John Shortland, Senior, was born in St Mary’s Whitechapel, Plymouth in 1739. His father, also John, was the patriarch of a remarkable west country family, six of whom were associated with the colonisation of Australia and New Zealand.

  In 1755 John entered the navy as a midshipman and served off Newfoundland, off Minorca and in the West Indies. On his pro-motion to lieutenant in 1763 he was engaged in the transport service between England and America.

  On 5 July 1764 he married Margarethe Rutherford at Whitechapel Middlesex. Daughter Jane Shortland was born about 1765 and her sister Peggy Shortland followed two years later. Son John Shortland arrived in 1769 and Thomas George Shortland in 1771.

  In 1772 Shortland was in command of the transports taking reinforcements to the relief of Gibraltar and in 1786 after re-turning with troops from Halifax he was appointed naval agent to the transports of the First Fleet. This meant he supervised all the transports excluding the two naval vessels. He was responsible for the fulfilling of the contracts for supplies loaded onto the transports and he was also in command of all the masters (captains) of those vessels.

  He had control of all directions for the correct distribution of provisions to the holds of the ships and was also responsible for the accommodation of the marines on board as well as that of the convicts. It was a very responsible position and the success of the whole venture was largely in his hands.

In these preparations he worked closely with Arthur Phillip, the Governor designate of the new colony and Phillip gave high praise for his work. John Shortland sailed in Alexander and arrived at Botany Bay on that vessel, but he had also spent some of the voyage on Fishburn since the transports had all to be supervised throughout the voyage.

  Once the Fleet had arrived in Port Jackson, Shortland’s main task was successfully and officially completed once he had examined all stores as they were brought ashore to be deposited in hastily built storehouses. Then at Sydney Cove he was kept busy ordering the carpenters from Golden Grove to build the first hospital in the settlement.

  He departed Port Jackson in charge of Alexander on 14 July 1788, accompanied by his youngest son Thomas Shortland as Master’s Mate. Also under his overall command were Friendship, Prince of Wales and Borrowdale. He carried important dis-patches from Governor Phillip back to the government in Lon-don, and perhaps almost as important was the fact that he car-ried letters from Jean-Francois de Galoup, Comte de Laperouse to be handed over to the French Ambassador for the French government. These were the last accounts of the voyages of Laperouse.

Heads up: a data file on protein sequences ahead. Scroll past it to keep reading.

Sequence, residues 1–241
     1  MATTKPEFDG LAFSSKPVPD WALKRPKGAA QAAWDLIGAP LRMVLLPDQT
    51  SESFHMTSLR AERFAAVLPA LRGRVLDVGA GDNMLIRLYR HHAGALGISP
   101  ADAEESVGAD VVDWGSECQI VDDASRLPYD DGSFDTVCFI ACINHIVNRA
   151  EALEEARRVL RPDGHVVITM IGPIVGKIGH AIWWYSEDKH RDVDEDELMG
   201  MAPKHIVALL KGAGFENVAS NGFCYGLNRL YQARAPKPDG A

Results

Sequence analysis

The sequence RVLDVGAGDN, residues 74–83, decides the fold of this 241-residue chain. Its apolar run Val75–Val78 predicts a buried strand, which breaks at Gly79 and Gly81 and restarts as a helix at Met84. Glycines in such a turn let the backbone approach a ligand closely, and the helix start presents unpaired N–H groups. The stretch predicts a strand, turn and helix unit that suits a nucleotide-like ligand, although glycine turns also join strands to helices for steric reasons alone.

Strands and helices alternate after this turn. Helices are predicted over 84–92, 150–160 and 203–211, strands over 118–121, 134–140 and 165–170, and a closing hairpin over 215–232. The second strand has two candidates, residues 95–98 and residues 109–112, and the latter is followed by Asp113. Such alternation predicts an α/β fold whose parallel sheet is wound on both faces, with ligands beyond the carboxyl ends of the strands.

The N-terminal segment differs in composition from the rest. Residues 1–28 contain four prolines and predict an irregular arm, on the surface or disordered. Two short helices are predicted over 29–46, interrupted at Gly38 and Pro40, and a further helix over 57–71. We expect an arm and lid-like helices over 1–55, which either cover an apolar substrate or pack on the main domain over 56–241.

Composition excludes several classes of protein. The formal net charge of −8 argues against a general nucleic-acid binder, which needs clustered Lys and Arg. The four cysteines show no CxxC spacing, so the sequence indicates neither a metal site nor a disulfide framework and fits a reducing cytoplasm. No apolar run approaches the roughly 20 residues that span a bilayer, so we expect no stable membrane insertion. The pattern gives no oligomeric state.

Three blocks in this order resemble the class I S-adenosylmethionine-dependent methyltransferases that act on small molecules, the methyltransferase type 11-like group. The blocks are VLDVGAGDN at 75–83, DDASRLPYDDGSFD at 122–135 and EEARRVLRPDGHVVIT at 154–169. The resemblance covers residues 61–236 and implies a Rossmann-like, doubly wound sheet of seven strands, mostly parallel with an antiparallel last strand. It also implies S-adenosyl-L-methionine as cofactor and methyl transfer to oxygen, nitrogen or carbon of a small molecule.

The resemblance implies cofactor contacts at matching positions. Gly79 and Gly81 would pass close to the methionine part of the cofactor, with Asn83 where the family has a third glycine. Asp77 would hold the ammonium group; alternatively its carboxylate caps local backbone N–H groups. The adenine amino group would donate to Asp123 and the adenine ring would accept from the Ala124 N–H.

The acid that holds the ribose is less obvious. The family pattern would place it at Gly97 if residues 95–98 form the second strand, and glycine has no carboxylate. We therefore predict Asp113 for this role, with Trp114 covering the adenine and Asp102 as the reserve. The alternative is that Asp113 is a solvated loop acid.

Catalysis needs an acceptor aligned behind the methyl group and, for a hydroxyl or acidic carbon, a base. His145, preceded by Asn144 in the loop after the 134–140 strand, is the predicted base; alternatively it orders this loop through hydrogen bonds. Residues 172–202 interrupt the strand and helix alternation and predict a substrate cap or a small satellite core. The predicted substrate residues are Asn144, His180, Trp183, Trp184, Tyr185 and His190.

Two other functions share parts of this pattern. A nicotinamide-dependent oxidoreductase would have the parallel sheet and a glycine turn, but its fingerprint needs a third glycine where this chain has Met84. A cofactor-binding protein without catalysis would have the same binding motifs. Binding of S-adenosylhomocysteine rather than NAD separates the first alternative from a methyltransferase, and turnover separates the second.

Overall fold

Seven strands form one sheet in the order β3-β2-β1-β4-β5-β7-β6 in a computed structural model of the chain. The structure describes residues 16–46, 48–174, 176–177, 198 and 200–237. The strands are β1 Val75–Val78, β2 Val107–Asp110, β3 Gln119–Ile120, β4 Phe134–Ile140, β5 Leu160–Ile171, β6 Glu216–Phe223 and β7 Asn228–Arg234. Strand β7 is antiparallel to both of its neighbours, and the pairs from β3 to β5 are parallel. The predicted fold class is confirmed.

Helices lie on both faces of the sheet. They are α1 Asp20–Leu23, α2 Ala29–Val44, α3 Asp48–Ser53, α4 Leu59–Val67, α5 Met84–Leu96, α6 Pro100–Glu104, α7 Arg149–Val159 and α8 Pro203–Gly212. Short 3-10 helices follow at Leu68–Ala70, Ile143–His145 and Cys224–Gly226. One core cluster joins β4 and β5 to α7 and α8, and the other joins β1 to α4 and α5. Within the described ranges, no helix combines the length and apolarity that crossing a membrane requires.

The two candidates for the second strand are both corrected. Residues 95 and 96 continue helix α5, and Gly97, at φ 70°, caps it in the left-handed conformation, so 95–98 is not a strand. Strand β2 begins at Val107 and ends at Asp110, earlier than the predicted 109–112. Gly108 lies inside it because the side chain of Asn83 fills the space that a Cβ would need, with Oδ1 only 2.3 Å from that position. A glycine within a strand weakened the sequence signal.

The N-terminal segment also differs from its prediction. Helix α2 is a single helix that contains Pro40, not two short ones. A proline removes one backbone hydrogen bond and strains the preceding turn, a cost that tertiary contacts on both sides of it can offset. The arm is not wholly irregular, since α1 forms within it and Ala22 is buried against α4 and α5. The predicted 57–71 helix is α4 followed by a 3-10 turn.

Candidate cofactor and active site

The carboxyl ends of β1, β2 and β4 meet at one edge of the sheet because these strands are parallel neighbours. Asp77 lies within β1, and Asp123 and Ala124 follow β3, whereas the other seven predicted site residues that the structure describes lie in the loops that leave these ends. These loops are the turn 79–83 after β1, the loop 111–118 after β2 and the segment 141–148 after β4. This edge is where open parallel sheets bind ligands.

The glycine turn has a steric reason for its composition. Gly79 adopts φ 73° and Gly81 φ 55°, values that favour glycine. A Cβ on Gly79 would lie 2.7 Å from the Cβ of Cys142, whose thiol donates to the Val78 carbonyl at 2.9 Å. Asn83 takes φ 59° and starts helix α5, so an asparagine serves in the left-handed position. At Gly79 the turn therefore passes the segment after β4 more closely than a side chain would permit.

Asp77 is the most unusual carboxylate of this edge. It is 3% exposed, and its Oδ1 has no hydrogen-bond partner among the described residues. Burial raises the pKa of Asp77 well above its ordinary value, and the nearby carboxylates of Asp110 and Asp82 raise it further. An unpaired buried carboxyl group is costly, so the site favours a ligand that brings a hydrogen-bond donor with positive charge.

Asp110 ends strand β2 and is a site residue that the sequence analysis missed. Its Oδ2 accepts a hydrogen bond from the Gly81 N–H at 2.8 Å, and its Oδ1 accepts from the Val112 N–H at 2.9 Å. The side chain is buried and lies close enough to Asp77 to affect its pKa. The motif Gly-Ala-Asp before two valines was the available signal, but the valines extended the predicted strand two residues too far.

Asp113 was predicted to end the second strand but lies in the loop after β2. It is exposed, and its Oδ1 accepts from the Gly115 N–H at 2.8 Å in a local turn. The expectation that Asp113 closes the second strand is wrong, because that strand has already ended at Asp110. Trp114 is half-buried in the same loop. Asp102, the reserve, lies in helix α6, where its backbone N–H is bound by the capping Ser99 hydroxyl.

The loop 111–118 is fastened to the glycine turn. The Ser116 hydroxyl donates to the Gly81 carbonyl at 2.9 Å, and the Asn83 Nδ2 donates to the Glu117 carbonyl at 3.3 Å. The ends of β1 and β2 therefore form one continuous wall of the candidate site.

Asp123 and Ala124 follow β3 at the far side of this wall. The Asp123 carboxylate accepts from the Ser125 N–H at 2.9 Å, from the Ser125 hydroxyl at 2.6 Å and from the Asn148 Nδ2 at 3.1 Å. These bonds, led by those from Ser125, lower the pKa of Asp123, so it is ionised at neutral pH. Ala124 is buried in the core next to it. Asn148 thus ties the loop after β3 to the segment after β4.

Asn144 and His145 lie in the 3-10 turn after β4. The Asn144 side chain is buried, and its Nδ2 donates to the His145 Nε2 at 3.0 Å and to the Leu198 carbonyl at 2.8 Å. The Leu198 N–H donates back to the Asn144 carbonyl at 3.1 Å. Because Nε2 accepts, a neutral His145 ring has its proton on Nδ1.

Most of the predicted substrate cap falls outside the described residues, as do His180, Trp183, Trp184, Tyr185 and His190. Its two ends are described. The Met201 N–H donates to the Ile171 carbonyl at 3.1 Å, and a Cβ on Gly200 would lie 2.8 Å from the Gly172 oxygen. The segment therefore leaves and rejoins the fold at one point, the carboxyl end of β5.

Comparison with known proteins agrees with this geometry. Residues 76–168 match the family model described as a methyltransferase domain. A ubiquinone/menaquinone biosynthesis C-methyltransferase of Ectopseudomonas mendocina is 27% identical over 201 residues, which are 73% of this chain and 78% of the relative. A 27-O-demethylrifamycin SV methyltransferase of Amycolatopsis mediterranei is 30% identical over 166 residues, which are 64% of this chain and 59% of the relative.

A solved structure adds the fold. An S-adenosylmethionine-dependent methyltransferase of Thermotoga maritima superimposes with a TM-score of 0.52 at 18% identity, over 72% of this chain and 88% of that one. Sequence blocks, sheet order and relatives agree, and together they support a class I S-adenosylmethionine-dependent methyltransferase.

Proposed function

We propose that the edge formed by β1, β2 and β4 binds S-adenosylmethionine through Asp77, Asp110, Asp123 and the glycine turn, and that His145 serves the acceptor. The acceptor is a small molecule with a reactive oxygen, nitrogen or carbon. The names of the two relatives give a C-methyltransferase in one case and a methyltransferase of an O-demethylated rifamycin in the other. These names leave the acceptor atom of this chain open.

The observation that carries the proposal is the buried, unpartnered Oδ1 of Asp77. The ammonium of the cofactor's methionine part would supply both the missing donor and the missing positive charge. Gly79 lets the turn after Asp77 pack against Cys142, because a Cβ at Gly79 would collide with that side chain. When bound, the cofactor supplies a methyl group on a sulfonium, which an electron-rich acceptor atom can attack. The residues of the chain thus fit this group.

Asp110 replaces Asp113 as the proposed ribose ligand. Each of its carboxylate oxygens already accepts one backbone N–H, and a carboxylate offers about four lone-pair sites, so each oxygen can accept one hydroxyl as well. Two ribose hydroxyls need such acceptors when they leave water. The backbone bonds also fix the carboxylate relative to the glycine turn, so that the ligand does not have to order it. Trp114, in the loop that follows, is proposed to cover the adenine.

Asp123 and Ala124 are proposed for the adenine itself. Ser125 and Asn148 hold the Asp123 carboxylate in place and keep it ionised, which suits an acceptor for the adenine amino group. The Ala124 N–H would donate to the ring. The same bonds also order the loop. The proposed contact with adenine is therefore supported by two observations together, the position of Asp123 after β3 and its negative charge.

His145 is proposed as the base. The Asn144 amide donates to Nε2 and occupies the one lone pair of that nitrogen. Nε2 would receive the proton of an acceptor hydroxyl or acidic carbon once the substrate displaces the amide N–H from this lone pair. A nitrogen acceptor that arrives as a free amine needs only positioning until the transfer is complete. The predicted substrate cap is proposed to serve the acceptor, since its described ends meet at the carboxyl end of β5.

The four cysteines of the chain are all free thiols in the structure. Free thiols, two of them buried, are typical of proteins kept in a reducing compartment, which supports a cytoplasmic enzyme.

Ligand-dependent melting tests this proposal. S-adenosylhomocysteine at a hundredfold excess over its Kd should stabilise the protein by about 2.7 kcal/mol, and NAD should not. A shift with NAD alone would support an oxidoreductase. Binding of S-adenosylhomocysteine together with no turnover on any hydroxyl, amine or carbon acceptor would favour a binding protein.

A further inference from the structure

Alexander and Friendship anchored at Lord Howe Island to await the arrival of Prince of Wales and Borrowdale but it was later found out that they had taken an alternative route. So Shortland’s now two ships set sail for Batavia. 

   On 19 July Lt Shortland came across an extensive shoal which he named Middleton Shoal, and two days later he came to an island which he named Sir Charles Middleton Island.

  By 31 July 1788 the southern limits of the yet undiscovered Solomon Islands were sighted and Lt Shortland went ashore traversing the land mass and naming it New Georgia. He made detailed observational records and gave names to various peaks, capes, headlands and islands. He was totally unaware that Louis Antoine de Bougainville, the French navigator had passed the northern extremities of the island twenty years earlier, in 1768, and had named Solomon Island and the Bougainville Straits.

  Towards the end of October 1799 scurvy had reduced the crews of the two ships to such an extent that only a small number were fit for duty. Being short of provisions and with the expectation of monsoonal weather it was decided that things were so bad that they could not continue to sail both ships.

  Shortland had to make the decision to scuttle Friendship so that what was left of the two crews could continue the journey. They struggled on and reached Batavia, reporting that they were in such bad shape they were unable to sail Alexander into port and had to call on the Dutch for help.

  The sick were sent to hospital and Alexander was refitted for sea, and with a fresh crew set sail for the Isle of Wight on 7 December 1788.

At Table Bay, which they reached on 28 February 1789 they met Captain John Hunter of the Sirius who informed them that Borrowdale and Prince of Wales had taken the southern route.

  After a voyage lasting ten and a half months Alexander arrived at the Isle of Wight on 28 May 1789. Lt John Shortland (Senior) was promoted to Commander in 1790 and retired later that year to Lille in France as a captain on half-pay. He died there on 16 January 1803, aged 64. His death certificate indicates that his wife Margarethe was still with him at the time, aged 50.

  The gravesite of John Shortland in Lille has not been located but Margarethe died in Westminster, London, on Christmas Day 1815 and was buried on 6 January 1816 in the north cloister of Westminster Abbey

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